Typesetting: Positioning Signs

There are several things that determine how good a typeset is and how well it blends in.
Obviously, the colours and sizes of font, border, shadow. Then of course the choice of font.
The next thing would be the positioning of the sign.

Beginners will have this idea that the typeset for a sign should be as close as possible to the original sign.
Please get this idea out of your head, because half of the time that won't work very well.
It is especially unnecessary for typesetting titles.
If it's a sign that belongs to a specific place on the screen, then sure, you wanna get your TS close to that.
But an episode title has little relation to what's on screen in terms of placement,
so no need to go crazy trying to match the position and orientation of the sign while sacrificing readability.

I used an episode of Nichijou for a test. Here are the results from some guys.

Kanji is often written top-to-bottom, rather than left-to-right.
It works great with kanji. It does not with English.
So don't try rotating the text like this just to match the orientation of the japanese sign.
It decreases readability and doesn't really look that great.
You might think of using M\No\Nt\Ni\Nv\Na\Nt\Ni\No\Nn. In other words top-to-bottom, without the rotation. Well... try it.
For one, you will usually have large spaces between the letters. But even if you pick a font that doesn't do that,
or do each letter separately, you'll run into another problem. Kanji has pretty consistent width. English letters don't.
The difference in width between M and i can be anywhere from 500-1000%, depending on the font. So this will usually not work either.

Also here ^ the white 'shadow' is missing.

This is pretty good placement. It's much better to sacrifice font size and orientation if the result is well readable and looks good.
The shadow is a bit too thin and jagged but this is overall fine, except that the font should be a serif one.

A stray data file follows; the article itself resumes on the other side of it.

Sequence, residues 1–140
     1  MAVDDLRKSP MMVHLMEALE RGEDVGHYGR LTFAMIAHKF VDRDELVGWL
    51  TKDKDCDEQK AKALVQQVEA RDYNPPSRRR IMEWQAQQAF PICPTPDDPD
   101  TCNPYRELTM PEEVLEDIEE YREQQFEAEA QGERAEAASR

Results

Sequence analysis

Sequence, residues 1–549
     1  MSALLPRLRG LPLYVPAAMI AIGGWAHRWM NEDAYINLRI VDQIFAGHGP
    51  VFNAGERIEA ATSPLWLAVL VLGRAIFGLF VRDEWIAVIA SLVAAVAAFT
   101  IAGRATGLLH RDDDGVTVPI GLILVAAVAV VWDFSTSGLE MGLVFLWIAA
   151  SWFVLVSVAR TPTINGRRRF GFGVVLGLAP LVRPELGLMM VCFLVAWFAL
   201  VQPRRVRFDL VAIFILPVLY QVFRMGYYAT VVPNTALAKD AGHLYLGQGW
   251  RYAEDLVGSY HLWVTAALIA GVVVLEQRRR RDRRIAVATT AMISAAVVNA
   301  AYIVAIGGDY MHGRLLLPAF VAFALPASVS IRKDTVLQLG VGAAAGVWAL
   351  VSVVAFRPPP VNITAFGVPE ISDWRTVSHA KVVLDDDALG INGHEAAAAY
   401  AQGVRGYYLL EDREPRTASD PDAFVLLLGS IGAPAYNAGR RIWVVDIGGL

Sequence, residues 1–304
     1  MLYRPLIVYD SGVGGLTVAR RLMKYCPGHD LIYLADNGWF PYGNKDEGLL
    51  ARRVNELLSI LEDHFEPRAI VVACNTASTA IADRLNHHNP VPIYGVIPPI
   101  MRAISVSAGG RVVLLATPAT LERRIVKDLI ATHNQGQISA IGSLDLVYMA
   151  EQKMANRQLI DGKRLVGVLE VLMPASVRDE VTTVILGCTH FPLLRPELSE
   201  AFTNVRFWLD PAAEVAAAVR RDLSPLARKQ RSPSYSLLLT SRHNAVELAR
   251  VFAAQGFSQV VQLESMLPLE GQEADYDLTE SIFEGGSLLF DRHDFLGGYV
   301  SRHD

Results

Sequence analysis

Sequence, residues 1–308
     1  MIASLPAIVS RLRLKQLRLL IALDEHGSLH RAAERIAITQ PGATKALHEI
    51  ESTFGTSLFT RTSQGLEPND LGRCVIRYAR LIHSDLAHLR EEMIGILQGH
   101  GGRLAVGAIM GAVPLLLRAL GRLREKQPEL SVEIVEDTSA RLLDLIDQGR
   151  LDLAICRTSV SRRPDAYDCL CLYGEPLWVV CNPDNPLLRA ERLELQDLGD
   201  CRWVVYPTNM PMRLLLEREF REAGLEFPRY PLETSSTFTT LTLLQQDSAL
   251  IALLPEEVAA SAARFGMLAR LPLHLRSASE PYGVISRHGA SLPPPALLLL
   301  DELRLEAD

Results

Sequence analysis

You can do something like this. Pick a font that will look good, you can make it large enough so that it's both readable and close to the
size of the kanji, and keep at least some kind of alignment when posotioning it, in this case the top aligned with top of the the kanji.

You can even put it on the other side of the screen for overall symmetry.
If you want it top-to-bottom, it may be better this way than rotating, but I'd say it's almost always better to keep it left-to-right.
Trying to split the text like this will rarely work well for a number of reasons, like the width inconsistency that you see here.

Another title. Here I think if the font was larger, to match the span on the kanji precisely, thicker, and placed a bit farther,
it might actually not look too bad (putting aside the readability issue)...

...but clearly this works much better. It's aligned to the centre of the kanji, looks fine except for the font.

Here aligned to top, with a different font.

There's never one "correct" place for typesets.
Rather than following some rigid logic for where a sign should be, just make it "look good."
It doesn't even necessarily have to be aligned with the original sign in any way.

Here it pretty much ignores the JP sign.
Instead it's in the middle of the "background" area - the sky - where it doesn't interfere with the foreground.
It's kind of where you'd put it in the first place, if the JP one wasn't there at all...
pretty much the most natural place for a title on this screen, assuming the title is horizontal.

If the JP is in the middle and you can't exactly fit the typeset in the middle as well, you may split it like this (if the words allow it).

This should be pretty obvious. You don't want the sign over Yukko's head, and you don't want it over the papers above either.
The neutral green area is the most suitable place. If you split the title in 2 lines, you could put it in the large green area on the left.

Here you have 2 typesets and main dialogue, so first of all you want to avoid any of them overlapping.
The title is where it is pretty much out of necessity. There's hardly any other place suitable for it.
The office sign... many would try to fit it on the white board, along with the japanese.
That can certainly be done, but you'll have to have really small font size and it'll still look cramped.
So I put it above, and matched the width of the sign and thickness of the letters roughly.
It looked too artificial without that shadow, so that was added to give it some sense of space, even though as a "shadow" it's illogical.

Here again trying to squeeze the Shino Labs on the signboard would be frustratingly difficult & just wouldn't look good no matter what.

On an unrelated note, did you know sharks can fly?


One other option is to simply replace the JP sign with the English one.
That will, however, only work well if the background is one solid colour.
Here's one where it will be simple enough:

You'll be creating 2 layers. One will just draw a blue rectangle over the kanji.